What if you could optimize your health and lower your risk of developing many chronic health conditions?
According to Dr. Saray Stancic, by changing your lifestyle, you also can improve your health and even prevent or delay disease. And Stancic speaks from experience: Twenty-four years ago, she was diagnosed with multiple sclerosis and told that without medication, she would probably be in a wheelchair by the age of 40. Today, 24 years after her diagnosis, Stancic runs Stancic Health and Wellness, a thriving lifestyle medicine practice in Ramsey, New Jersey, and she no longer takes medication for her MS. She remains symptom-free and credits her good health to overhauling her lifestyle.
While working as a third-year medical resident, Stancic awoke one morning in 1995 to find she had no feeling in her legs. She was rushed to the emergency room where doctors performed a series of tests and discovered through an MRI that she had multiple lesions on her brain and spinal cord.
Although her doctor prescribed medication, Stancic found it hard to tolerate the side effects, including chills, flu-like symptoms and insomnia. To counter the effects, her doctor prescribed more pills.
“I was a medication-dependent sick young woman, and yet my disease was continuing to progress,” Stancic says.
Convinced there had to be a better way, Stancic began reading about lifestyle medicine. The lessons she learned not only forced her to re-evaluate the way she was practicing medicine, but they also led her to produce the documentary film “Code Blue: Redefining the Practice of Medicine” that highlights the practice of lifestyle medicine to prevent, treat and manage chronic illnesses.
Unlike traditional medicine, lifestyle medicine treats the underlying cause of the disease rather than just the symptoms. Rather than just prescribing medications, lifestyle medicine addresses behaviors such as healthier food choices, getting adequate sleep and increasing physical activity.
Making smarter food choices
As a busy medical student and resident, Stancic remembers eating a lot of fast food. She never considered how refined carbs, processed meats, and artificial trans fats and sugar and high fructose corn syrup can all cause inflammation.
“There’s profound evidence that many chronic diseases such as diabetes, cancer and heart disease are fueled by chronic inflammation and poor dietary habits,” Stancic says. “The standard American diet is composed of highly processed foods, so I work with patients to make better nutritional decisions and incorporate more plant-based foods into their meals.”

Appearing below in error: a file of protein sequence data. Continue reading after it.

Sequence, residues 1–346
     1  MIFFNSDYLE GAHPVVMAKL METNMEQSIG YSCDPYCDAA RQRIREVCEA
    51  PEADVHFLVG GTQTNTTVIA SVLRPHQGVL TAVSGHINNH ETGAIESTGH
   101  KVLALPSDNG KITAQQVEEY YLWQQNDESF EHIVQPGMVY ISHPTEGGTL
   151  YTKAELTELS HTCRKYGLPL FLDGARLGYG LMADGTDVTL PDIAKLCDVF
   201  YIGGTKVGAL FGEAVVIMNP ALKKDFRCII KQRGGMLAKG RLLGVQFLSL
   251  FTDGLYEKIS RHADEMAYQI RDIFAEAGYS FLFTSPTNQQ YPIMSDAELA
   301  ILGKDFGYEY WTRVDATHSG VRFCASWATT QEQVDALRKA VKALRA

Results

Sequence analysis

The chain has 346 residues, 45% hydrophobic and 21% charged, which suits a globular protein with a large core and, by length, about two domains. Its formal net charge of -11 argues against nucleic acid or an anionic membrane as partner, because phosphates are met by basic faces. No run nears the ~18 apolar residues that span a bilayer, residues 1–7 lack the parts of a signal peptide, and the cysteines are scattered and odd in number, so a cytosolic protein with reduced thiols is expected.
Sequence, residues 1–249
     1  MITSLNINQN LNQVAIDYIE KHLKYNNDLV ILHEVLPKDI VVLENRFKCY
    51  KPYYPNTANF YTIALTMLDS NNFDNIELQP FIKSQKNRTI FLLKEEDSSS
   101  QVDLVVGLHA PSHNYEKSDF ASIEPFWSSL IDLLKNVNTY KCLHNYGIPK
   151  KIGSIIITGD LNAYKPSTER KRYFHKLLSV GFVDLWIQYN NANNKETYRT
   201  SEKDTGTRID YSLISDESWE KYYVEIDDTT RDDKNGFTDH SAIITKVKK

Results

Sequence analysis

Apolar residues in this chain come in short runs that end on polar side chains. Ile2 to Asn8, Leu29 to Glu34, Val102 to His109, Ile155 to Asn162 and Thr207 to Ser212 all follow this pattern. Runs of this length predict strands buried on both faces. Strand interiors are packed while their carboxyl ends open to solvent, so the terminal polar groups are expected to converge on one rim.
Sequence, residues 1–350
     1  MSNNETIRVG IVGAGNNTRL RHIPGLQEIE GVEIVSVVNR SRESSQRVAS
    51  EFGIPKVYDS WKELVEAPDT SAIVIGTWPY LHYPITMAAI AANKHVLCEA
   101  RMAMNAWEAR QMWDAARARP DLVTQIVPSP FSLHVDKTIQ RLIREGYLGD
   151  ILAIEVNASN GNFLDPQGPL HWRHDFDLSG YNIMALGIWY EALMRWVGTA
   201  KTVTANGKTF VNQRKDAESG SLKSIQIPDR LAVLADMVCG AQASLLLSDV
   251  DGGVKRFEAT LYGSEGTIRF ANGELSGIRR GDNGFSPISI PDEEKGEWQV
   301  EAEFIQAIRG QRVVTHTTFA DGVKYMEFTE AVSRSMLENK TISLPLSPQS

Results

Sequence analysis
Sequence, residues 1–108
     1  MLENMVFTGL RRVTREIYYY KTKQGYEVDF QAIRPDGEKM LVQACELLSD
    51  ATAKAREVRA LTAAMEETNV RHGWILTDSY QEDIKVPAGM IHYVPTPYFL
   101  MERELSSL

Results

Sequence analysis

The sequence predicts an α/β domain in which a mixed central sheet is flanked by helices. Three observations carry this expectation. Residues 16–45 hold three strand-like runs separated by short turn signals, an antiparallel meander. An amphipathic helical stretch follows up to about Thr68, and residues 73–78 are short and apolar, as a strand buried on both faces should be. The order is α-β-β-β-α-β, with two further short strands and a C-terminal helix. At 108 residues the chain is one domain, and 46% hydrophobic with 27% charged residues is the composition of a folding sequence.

Another upside to eating more plant-based foods: Unlike prescription medications, grains, nuts, fruits and vegetables don’t come with numerous side effects or high upfront costs.
Stancic recalls one patient who had recently been diagnosed with diabetes. She began by looking at factors that led to his diagnosis and learned he had a stressful job, long commute and primarily ate fast food that resulted in a 50-pound weight gain.
“I talk to patients about increasing whole plant-based foods on their plate and leaving less room for animal sources and processed foods,” Stancic says. “We also look at how to fit in exercise when their schedule is jampacked, such as taking several 10-minute walks during the day or waking up early to fit in a morning workout.”
Stancic also shows patients how to make healthier substitutions when cooking their favorite meals.
“My husband loves rich Italian dishes, but to make them healthier, I substitute cannellini beans for sausage,” she says.
Realizing disease isn’t inevitable
It’s easy to think that because you have a family history of heart disease or diabetes, a future with chronic health conditions is inevitable. Not true, says Stancic who notes the World Health Organization found that 40 percent of cancer cases and 80 percent of heart disease, stroke and diabetes can be prevented by adopting a healthier lifestyle that includes regular exercise, weight loss and healthier food choices.
So why aren’t lifestyle changes emphasized by more doctors? Stancic says 86 percent of doctors report they received inadequate nutrition education while in medical school. She’s thrilled to see this gradually changing with an increase in culinary medical classes being offered across the country and organizations such as the National Board of Physician Nutrition Specialists offering nutrition education and certification.
Despite taking a holistic approach to patient health, Stancic isn’t anti-medication, nor does she advocate that her patients ditch their prescriptions. In fact, she believes “there’s a time and place for medications,” but she bases her practice on three fundamentals: “how we eat, how we move and managing our stress.” Some of her patients reduce their dependence on medications, while others have found lifestyle changes work to keep diseases at bay.
“I eat a healthy diet, exercise every day, make sure that I get eight hours of sleep and practice mindfulness meditation to reduce stress,” Stancic says. “I feel better and have so much gratitude in my life.”
Photo credit: Victor Torres, Stocksy; Dr. Saray Stancic